So basically, I’m a bit of a twat. Let me expand.
The day before we were coming home was blustery, and the children and I were as unsettled as the weather. I was still mortified after the body boarding incident, and irked that I wasn’t stronger, even after all the ‘Building muscle for peri-menopausal women’ videos on Instagram I’d watched.
Off we headed for dinner, but a surge of new arrivals at the campsite meant that the usually well-organised system in the restaurant was in disarray. The mood, having been buoyant for the rest of the holiday, took a downward turn, and my luke-warm glass of sauvignon blanc did little to boost my spirits. (I don’t care that it’s from the local vineyard, just put the fecking bottle in the fecking fridge. And leave it there, FFS.)
But after our pizza and a carafe of more temperate red arrived, things started to improve. The children even looked up from their screens and made conversation. It had, we all agreed, been a great trip, and we were sad to be leaving France.
That’s when a French couple were shown to the table beside us with a very cute, but very boisterous collie pup. Delighted with himself he was, wee tail going a dinger as everyone smiled and looked up from their dinners as the bouncy little fellow arrived.
‘Would the couple mind,’ I asked, ‘if we stroked the pup?’ And then a brain wave struck; given how long the desserts were likely to take to arrive, perhaps my husband could take the pup on a dander and the girls could stretch their legs?
The couple were overjoyed. No bother at all! Someone had already taken their children so they could have a meal in peace! What had they done to deserve it?! We all laughed merrily and I smiled as my family were despatched.
Ten minutes, I thought. Just ten minutes to read my book, and look forward to a sundae for pudding, coconut and vanilla ice cream, doused with Malibu and slathered with fresh cream. (It’s becoming clear why I couldn’t master the paddle boarding, as it had been a fortnight of such indulgences.)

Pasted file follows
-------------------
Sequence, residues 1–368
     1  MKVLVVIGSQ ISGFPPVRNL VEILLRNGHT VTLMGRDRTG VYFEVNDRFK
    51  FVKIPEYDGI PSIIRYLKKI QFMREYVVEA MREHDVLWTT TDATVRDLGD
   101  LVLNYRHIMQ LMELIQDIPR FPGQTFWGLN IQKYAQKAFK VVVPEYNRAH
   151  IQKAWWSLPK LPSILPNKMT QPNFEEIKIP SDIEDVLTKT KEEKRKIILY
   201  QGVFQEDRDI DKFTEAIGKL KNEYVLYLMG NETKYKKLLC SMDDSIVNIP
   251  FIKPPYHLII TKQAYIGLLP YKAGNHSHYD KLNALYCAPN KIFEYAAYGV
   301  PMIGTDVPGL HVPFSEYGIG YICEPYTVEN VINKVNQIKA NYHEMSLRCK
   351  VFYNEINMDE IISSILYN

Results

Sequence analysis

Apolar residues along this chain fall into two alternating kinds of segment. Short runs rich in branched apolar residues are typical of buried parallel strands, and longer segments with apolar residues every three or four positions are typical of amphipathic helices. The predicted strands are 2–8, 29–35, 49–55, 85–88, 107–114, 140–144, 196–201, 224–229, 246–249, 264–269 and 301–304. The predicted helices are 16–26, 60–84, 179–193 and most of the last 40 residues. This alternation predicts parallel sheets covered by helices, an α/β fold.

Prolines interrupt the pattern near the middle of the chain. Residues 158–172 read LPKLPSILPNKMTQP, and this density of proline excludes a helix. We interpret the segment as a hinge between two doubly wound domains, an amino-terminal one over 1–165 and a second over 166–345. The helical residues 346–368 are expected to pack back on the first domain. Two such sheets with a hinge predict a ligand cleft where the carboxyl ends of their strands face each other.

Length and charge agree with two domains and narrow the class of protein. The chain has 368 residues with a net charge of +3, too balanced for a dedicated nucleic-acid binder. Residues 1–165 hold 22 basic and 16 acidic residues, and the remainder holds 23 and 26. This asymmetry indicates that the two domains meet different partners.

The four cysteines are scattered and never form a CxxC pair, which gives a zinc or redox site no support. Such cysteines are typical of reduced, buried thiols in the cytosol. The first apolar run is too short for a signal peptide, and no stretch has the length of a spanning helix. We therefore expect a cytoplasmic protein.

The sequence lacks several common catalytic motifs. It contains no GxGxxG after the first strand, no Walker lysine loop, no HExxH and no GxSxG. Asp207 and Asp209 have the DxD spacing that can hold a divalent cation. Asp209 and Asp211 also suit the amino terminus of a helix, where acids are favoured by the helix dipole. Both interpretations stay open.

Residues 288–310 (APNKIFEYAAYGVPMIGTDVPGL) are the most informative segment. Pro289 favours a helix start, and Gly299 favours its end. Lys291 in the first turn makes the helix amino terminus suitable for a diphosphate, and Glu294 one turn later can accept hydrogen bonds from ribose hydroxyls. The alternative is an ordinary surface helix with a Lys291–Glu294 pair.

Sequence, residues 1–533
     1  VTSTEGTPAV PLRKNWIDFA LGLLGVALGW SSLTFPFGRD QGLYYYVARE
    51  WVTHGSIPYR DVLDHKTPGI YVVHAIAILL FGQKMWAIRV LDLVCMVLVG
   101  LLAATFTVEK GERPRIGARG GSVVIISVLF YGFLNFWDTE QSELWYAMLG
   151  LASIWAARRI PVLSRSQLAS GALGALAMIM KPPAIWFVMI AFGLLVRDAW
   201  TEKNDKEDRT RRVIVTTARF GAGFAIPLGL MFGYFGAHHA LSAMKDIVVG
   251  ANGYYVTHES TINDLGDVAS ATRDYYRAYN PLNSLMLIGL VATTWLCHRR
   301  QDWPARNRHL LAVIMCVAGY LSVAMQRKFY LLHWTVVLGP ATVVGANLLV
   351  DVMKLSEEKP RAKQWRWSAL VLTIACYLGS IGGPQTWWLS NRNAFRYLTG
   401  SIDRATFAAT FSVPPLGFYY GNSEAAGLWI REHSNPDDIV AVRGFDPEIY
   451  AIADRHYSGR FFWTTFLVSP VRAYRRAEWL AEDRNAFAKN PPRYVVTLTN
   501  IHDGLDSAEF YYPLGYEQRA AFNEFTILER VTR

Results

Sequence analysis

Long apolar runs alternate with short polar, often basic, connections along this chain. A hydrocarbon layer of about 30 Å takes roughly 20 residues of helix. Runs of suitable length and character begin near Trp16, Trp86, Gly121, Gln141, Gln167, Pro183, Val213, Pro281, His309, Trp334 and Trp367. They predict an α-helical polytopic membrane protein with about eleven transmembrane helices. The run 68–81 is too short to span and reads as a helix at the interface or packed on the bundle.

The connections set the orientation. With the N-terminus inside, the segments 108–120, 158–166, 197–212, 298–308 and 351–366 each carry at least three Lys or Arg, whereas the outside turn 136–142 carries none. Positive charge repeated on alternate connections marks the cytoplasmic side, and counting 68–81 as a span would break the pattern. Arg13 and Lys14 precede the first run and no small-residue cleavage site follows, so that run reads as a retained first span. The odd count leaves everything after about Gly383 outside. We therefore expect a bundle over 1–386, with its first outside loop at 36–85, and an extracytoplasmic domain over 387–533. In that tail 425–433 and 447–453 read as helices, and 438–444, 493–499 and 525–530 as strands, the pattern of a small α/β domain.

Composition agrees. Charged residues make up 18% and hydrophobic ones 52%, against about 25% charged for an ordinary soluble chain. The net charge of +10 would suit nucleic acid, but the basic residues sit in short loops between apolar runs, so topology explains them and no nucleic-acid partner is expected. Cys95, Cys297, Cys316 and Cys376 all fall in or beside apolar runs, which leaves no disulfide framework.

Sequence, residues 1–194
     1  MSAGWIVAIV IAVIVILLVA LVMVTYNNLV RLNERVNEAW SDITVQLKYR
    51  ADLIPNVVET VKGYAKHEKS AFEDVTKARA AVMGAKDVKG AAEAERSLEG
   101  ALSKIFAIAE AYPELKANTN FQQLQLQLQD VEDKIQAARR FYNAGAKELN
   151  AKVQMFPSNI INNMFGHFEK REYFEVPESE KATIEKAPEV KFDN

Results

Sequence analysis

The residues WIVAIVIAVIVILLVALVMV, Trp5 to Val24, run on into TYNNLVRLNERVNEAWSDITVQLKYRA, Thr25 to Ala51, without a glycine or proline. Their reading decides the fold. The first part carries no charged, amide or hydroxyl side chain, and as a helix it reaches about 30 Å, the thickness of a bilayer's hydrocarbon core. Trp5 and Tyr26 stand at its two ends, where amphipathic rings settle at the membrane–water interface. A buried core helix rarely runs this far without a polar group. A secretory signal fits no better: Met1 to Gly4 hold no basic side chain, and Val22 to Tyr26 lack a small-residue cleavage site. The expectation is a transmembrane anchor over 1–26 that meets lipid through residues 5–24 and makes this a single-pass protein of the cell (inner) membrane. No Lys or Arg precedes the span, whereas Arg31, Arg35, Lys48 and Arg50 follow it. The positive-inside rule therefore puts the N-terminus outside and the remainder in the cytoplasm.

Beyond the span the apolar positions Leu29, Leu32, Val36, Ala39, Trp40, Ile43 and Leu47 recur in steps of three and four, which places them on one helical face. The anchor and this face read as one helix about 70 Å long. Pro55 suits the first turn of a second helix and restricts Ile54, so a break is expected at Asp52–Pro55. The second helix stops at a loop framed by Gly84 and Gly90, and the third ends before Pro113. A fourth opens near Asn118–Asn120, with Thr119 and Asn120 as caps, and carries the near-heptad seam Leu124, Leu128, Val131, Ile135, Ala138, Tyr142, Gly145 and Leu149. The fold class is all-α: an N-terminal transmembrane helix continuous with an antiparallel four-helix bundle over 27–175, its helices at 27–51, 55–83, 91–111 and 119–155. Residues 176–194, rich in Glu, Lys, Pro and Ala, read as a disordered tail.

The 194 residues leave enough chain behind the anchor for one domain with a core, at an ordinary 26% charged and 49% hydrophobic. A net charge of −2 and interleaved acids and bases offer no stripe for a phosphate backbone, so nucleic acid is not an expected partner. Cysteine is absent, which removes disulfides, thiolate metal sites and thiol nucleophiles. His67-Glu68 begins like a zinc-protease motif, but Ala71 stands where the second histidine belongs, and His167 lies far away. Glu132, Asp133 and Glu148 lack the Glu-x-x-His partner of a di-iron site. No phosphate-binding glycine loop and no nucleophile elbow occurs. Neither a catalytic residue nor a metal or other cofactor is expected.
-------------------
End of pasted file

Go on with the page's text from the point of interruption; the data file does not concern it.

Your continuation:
I read a chapter, then another. By the time I began the third I was beginning to worry. No waiter either to take an order, so I wasn’t pleased. Enter a small panicked child. In tears. People were shouting at Daddy, saying he’d stolen the dog. Out I went and there was LSB, clinging to the dog’s lead while surrounded by a fractious crowd, a camp security guard and two members of the animation team looking at him accusingly.
‘WALKING,’ LSB was shouting, trying to be heard over the din. ‘I’m WALKING LE CHIEN!’
The child of the couple had seen their dog being walked by a stranger and gone berserk. Out came the dad to settle matters, but the on-lookers still looked at us with suspicion and disdain.
LSB was shaken up by the whole affair. Initially I thought it the baying crowd which had upset him, but it transpired that the pup had bitten him. Twice. The child had tried to unclip the dog from the lead LSB was holding, and in the furore, it had nipped him on the arm and the leg. ‘Now I have to go home and get a f**king tetanus jab,’ he said, seething.
He was wrong. He needed FOUR jabs. The following Monday, at the Urgent Care at Lagan Valley Hospital, they took it all VERY seriously. He had one injection in each arm, plus seven day’s worth of antibiotics. Next month he needs another jab, and a final one in September. He had never been immunised for Tetanus before, hence this battery of precautions.
I thought I would be properly in the dog house (pardon the pun), but he was remarkably sanguine about it all, once we got home. I was on chatting to Frank Mitchell about the potential hazards of holidays, and he got the whole story. The pup was a bit of a headcase, I explained. ‘Let’s call a spade a spade,’ said Frank. ‘The pup wasn’t the headcase. Stevey wasn’t the headcase, I think we know exactly who’s to blame here.’
The moral of the story (aside from having an up-to-date tetanus booster) is not to get tipsy and garrulous and volunteer your husband to walk other people’s pets. ‘If I ever suggest the like of that again, just tell me to f**k up,’ I told Stevey. ‘Awk, I won’t say that,’ he replied, ‘I’ll just say, ‘Remember France.’
I’m not likely to forget for a while.